A prism of high quality glass sits in a south window above our mantle. It is part of a surplus optical instrument from WW-II. The window crank gives a sense of its 2″x1″x1″ size.
When the Sun is low in the sky during late fall and winter, light through the prism casts a large full spectrum on the wall on the opposite side of the house. This is a closeup of the spectrum. It is always a delight to see the colors move slowly across the wall during the middle part of a sunny day.
Show me more…
Viewed from Earth, the crescent of Venus narrows each day as it orbits the Sun. On 25 March 2017, it will be aligned almost directly between Earth and the Sun. In the weeks following, Venus will appear as a morning object and a thin crescent. Go here to see a 3D tool showing the orbital positions of the inner planets today. Notice the Date and Date Slider controls where you can change the date and see the planets move.
Venus 15 February 2017
Date Time Digitized: Feb 15, 2017, 6:05:33 PM CST
Exposure Time: 1/500 s
Photographic Sensitivity (ISO): 100
One of these images is of the Moon on 2 Feb 2017. The other image is of Venus on 3 Feb. Can you tell which is which? What is your reasoning?
I offer this peaceful view of the morning sky. The crescent Moon at lower left aligned with Jupiter and the star Spica in a slender triangle at 6:25 am. Jupiter is at the upper right. Spica is almost directly below Jupiter and equidistant from the Moon. Spica is difficult to see because of the twilight. Click for a larger view.
The waning Moon always offers a nice view first thing in the morning from my front window.
Much has been written about this morning’s Supermoon. If you missed it, there is another December 13. The moon doesn’t orbit the earth in a perfect circle. It is a bit eccentric making it closer and farther from earth than average by a few % during each orbit. Today, just before sunrise, it was at its closest at nearly the same time as when it was full. Both events combined to make this the largest full moon since 1948 by a slight amount. I went out before 6 am to document it. A parking lot nearby gave an unobstructed view to the west where the moon was close to the horizon. It was also aligned with a radio tower to provide an interesting reference frame.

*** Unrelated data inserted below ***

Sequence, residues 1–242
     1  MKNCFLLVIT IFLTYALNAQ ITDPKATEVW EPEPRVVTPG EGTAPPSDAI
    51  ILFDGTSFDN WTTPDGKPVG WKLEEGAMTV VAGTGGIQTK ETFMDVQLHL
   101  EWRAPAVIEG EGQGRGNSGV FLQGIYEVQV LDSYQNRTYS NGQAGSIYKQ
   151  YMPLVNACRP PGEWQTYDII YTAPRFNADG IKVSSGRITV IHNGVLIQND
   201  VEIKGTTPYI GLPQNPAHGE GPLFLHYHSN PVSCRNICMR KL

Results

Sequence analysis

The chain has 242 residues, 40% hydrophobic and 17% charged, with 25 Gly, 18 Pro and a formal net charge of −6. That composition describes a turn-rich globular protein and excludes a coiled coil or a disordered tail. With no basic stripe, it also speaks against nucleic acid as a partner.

There were a few high thin clouds passing by to make photographing a bit more of a challenge. The parking lot allowed me to move around and compose different views like this one.
Show me more…
Five days ago I received a notice that the space station would transit across the face of the Sun for my location. I wrote about a recent transit on 18 August 2016. I must be living right. The sky was clear again this time.
First view is in real time. Don’t blink. Duration of the transit is 0.94s. Second view is slowed to 10% of real time. For both, I suggest full screen. You might not see it on a phone or tablet.
What’s up for the rest of the month? This JPL video will tell you of some highlights.
The Moon is in the midst of a series of 49 monthly occultations of the star Aldebaran, the eye of Taurus the Bull to the upper right of Orion the Hunter. The alignment of the axis of the lunar orbit with the location of Aldebaran is giving monthly occultations from January 2015. Most don’t occur many times in any one location for Earthling viewers. About half of them are daytime events. (I’ve seen them…very cool.) The last occultation of this series will occur September 2018. The next series is from 2033 to 2037.
As midnight approached on the evening of the 18th, I was thrilled to see clear skies overhead. With camera on the tripod, I set them on the front porch for this pairing at 11:15 pm CDT. All images can be embiggened for more detail.
11:15 pm CDT | Yellow line traces expected path of Aldebaran
Show me more…